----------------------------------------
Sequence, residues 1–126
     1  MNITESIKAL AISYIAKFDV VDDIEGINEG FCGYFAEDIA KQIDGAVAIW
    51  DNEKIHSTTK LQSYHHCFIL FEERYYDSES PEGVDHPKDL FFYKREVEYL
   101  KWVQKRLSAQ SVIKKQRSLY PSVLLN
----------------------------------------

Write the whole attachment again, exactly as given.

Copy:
Sequence, residues 1–126
     1  MNITESIKAL AISYIAKFDV VDDIEGINEG FCGYFAEDIA KQIDGAVAIW
    51  DNEKIHSTTK LQSYHHCFIL FEERYYDSES PEGVDHPKDL FFYKREVEYL
   101  KWVQKRLSAQ SVIKKQRSLY PSVLLN